IT ALL BEGAN with my search for a plastic-free toothbrush, inspired by Catherine Clifford’s “plastic purgery“story. That quest led me to bamboo toothbrushes and then to bamboo brushes with black bristles “infused” with charcoal, which sounded appealing because black wouldn’t look dull or dirty.
From there, I found charcoal products for personal use popping up all over the place: charcoal-whitening toothpastes, black-charcoal lemonade at juice bars, charcoal capsules to treat stomach bugs in addition to detoxing and calming gas, charcoal skin cleansers and charcoal air fresheners and shoe deodorizers.
Most of these products use “activated” charcoal, made from various materials—coal, peat, petroleum, coconut shells and wood (bamboo or oak)—that are exposed to intense heat or steam along with chemicals to remove non-carbon materials. What remains looks like black dust, with many nooks and crannies that greatly expand the surface area compared to ordinary coal and make activated charcoal powerfully absorbent.
“In theory, the black sludge binds to everything in its path–stains, tartar, bacteria, viruses (and maybe even your tonsils),” New York area cosmetic dentist Peter Auster told Harper’s Bazaar. “As it takes tartar off the teeth, your teeth will get whiter, which is a positive, of course, but it may also bind to medications that the body needs to absorb and even bacteria that you need for digestion. And additionally, it just might not work.”
Besides removing medications and “good” bacteria, charcoal can bind to and absorb essential nutrients from the gut, and it can permanently destroy tooth enamel. Side effects of ingesting charcoal include constipation and dehydration.
Use of activated charcoal is evidence-based and approved only for Emergency Room treatment of poisonings and drug and alcohol overdoses. Some doctors recommend keeping over-the-counter charcoal capsules on hand for emergencies, and some users claim it helps with hangovers. But because most charcoal-containing products are regulated as “foods”—rather than “drugs”—they are not required to be proven safe or effective before being sold, and ingredients can be unreliable. (Ingesting non-activated charcoal can be dangerous though it has proved helpful in emergency situations.)
At Baltimore’s Pure Raw Juice, black lemonade is in great demand. General Manager Adam Armstrong calls it a “super scrub for the digestive tract” and recommends it to customers with digestive ills, according to InStyle. “Activated Charcoal Elixir,” sold online by Luli Tonix, claims to cleanse the body, help with stomach issues and cure hangovers.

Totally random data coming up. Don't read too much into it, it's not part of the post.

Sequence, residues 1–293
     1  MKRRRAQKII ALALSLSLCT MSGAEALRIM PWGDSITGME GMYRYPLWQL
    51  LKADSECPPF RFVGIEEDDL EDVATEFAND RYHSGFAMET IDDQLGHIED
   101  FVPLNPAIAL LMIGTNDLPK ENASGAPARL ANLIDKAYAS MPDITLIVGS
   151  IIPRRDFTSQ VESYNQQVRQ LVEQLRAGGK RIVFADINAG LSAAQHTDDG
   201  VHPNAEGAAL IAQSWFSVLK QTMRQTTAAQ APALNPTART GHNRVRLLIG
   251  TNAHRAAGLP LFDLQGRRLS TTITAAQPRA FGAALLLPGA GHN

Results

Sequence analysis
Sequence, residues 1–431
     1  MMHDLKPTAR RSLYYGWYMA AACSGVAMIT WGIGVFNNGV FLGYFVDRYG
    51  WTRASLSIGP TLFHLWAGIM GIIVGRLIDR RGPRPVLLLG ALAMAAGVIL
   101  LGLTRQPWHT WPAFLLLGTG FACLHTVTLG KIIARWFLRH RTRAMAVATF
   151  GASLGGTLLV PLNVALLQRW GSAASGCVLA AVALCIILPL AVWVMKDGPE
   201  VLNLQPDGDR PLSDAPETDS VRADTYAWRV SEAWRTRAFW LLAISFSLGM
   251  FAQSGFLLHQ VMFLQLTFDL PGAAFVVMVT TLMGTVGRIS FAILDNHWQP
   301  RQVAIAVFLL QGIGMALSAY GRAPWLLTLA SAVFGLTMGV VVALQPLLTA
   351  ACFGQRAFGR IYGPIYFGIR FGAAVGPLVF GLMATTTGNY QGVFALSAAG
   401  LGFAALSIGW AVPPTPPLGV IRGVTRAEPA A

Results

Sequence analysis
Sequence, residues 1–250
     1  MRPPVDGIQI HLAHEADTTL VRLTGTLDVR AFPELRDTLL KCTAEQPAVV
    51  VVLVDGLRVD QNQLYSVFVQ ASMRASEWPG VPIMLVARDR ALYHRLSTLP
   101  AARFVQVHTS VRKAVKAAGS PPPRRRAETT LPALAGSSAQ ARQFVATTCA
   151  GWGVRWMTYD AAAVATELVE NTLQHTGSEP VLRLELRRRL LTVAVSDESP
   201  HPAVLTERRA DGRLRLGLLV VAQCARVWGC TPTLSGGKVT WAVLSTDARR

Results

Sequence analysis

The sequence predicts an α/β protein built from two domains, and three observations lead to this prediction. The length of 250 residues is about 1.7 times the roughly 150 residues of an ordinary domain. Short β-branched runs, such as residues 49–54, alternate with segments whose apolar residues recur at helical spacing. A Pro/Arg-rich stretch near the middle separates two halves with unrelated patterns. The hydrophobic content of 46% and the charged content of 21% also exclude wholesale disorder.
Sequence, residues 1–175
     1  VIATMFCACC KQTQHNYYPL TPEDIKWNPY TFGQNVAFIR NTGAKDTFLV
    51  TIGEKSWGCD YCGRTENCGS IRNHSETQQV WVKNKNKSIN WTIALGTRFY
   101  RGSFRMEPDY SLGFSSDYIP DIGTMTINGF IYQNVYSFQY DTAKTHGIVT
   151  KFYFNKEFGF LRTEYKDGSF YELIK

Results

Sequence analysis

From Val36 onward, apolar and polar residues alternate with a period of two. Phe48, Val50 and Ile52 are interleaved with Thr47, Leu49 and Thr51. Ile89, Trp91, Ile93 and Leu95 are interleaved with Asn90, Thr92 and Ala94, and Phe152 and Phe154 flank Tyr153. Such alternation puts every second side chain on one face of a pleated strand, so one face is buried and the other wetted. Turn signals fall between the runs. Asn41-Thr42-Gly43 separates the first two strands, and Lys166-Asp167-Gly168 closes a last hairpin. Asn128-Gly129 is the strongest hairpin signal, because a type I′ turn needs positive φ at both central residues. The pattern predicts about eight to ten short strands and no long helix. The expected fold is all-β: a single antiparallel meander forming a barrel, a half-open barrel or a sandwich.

Biore Deep Pore Charcoal Cleanser—which looks foamy white–is said to draw out twice the dirt of a regular cleanser. And the Binchotan Charcoal Eye Mask promises to mitigate fatigue and emit infrared rays that improve blood circulation and quell headaches.
Back to teeth. My Magic Mud toothpaste, touted to whiten teeth and reduce tooth sensitivity, is used by holistic dentists and sold on Amazon in flavors like cinnamon clove. And a 2016 YouTube video showing a black charcoal mixture being smeared on teeth, posted by Mama Natural, attracted millions of viewers.
But Michigan dentist Susan Maples points to insufficient evidence of benefits, while the risks include stained, blotched teeth and enamel susceptible to erosion— which can make the teeth more sensitive as well as darker. Malaysians who applied charcoal and salt with their forefingers to clean their teeth had “distinct forms of abrasion” on the teeth, according to the journal Nature.
Incorporating binchotan—white charcoal made from special oak trees, used by Japanese chefs because it burns for longer periods without unpleasant odors—into black toothbrush bristles can prevent the growth of harmful bacteria and viruses, fend off halitosis and reduce plaque, according to enthusiasts. Like most toothbrusth bristles, however, these are made of plastic.
High-end black-brush bristles used on the Japanese company Morihata’s binchotan toothbrush claim specifically to draw out tannin (from coffee, tea, etc.) stains from the teeth—along with their antibacterial, antifungal and antiviral properties. For a glimpse of proliferating charcoal-based dental products, check out this site.
The only completely plastic-free brushes I found (such as those from Life without Plastic) use bristles made from Chinese pig hairs, which sounds very unappealing, especially for vegetarians. And wooden toothbrushes in general have the downsides of susceptibility to mold and handles that can splinter.
But as long as massive piles of plastic that will never biodegrade continue accumulating on the earth and there are islands of plastic floating on ocean currents, search for replacements must go on.
MyLittleBird’s well-being editor continues her search for non-plastic products. Read more of her posts right here.